Published on Dec 05, 2017 and last reviewed on Jun 27, 2019 - 2 min read
Phimosis is caused when the foreskin is too small and it becomes difficult to pull it over. Get immediate help if you have pain and difficulty urinating.
The prepuce (foreskin) is a double-layered tissue that forms the anatomical covering of the glans penis in males. In certain conditions, the prepuce is too tight and does not slide over the glans and is stuck in one place, either over the tip or behind.
When the opening of the foreskin is too small for it to be retracted behind, the condition is known as phimosis.
When the prepuce has retracted back and cannot be brought forward again, it is known as paraphimosis.
It can also lead to inflammation of the glans (balanitis) or inflammation of the glans as well as foreskin (balanoposthitis).
The treatment depends on the age, severity, and cause of phimosis.
Circumcision involves surgically cutting off the foreskin that protects and lubricates the head of the penis. Apart from being indicated for religious, cultural and social reasons, medically circumcision has been the traditional treatment for phimosis.
Phimosis is experienced by children and men for different reasons. Surgical intervention is not necessary for all male infants with a non-retractile foreskin. In infants, phimosis is the norm as the foreskin and glans develop as one. With age, the foreskin becomes more pliable and resolves on its own by the time they are seven to 10 years of age. In some boys, it can settle even later. It is not a problem unless there are symptoms. So, there is no need for parents to get anxious and choose circumcision for their healthy baby boys. Maintaining penile hygiene will help with this.
If phimosis is due to an infection (pathological), and other treatments do not help, then it is advisable to consult a urologist who can tell the difference between a normal tight foreskin and a true phimosis and accordingly advise you a treatment plan based on the severity.
For more information consult a urologist online --> https://www.icliniq.com/ask-a-doctor-online/urologist
Phimosis is common in uncircumcised males. It can occur due to repeated urinary tract infection, foreskin infection, foreskin injury, and skin condition affecting the penis like eczema, psoriasis, lichen planus, and lichen sclerosus.
In severe cases of phimosis, a surgery called as circumcision is done. It is the surgical removal of the foreskin. The foreskin is either completely or partially removed.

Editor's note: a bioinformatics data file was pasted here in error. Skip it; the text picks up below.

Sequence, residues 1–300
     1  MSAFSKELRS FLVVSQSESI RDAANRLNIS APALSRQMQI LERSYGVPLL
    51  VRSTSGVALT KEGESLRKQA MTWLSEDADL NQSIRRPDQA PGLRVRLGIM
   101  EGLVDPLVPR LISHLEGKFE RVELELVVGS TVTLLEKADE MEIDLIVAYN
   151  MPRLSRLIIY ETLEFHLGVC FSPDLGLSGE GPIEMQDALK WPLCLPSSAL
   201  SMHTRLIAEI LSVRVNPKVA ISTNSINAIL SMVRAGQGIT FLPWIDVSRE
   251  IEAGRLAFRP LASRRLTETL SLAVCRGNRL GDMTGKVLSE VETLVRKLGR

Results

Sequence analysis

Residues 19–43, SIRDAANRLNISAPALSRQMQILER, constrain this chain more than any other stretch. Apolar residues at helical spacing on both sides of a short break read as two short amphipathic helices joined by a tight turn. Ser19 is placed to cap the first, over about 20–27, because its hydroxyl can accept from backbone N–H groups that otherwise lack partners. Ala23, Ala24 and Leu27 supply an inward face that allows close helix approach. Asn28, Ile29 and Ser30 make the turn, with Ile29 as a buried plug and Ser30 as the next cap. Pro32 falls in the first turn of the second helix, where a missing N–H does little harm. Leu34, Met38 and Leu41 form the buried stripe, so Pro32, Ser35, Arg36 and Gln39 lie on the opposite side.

Cream, gel, or ointment containing steroid like Clobetasol propionate is used to treat phimosis. Application of a steroid cream can make the skin soft, which makes it easier to retract the skin. Always use steroids under medical supervision.
Try pulling the foreskin gently back and forth while cleaning the penis every day. This should be started at a very early age and can be used to treat as well as prevent phimosis. But remember never to retract the foreskin forcefully.
Yes, you should get phimosis treated as early as possible. If left untreated, it can lead to balanitis, paraphimosis, posthitis, and penile cancer.
Difficulty retracting the foreskin of an uncircumcised penis is the characteristic sign of phimosis.
Once you start the treatment, you should see changes within a week. After a couple of weeks, you will be able to stretch the skin.
Tight foreskin preventing growth is a myth. The foreskin stretches and grows as your penis grow, and it will in no way prevent growth.
Phimosis can cause inflammation of both the penis and glans penis (balanoposthitis), which in turn can cause urinary tract infection.
If your condition is not severe, then your doctor might suggest applying steroid creams and gently performing penile stretching exercises. But in severe cases, circumcision has to be done.
Query: Hi doctor,Yesterday I had to have a frenuloplasty. I had to have a general anaesthetic. I woke up and never got any advice off the urologist because I never saw him after the procedure. The nurse who discharged me told me to take off the dressing in the morning and wash the wound and the foreskin tw... Read Full »
Query: Hello doctor, To make a long story short, I used scotch tape and micropore tape respectively on my penis. Two straps of tape were attached to the penis in the form of a cross, so that they met in the tip of the penis' head, while the ends went all the way down to the skin of the shaft. This allowed... Read Full »
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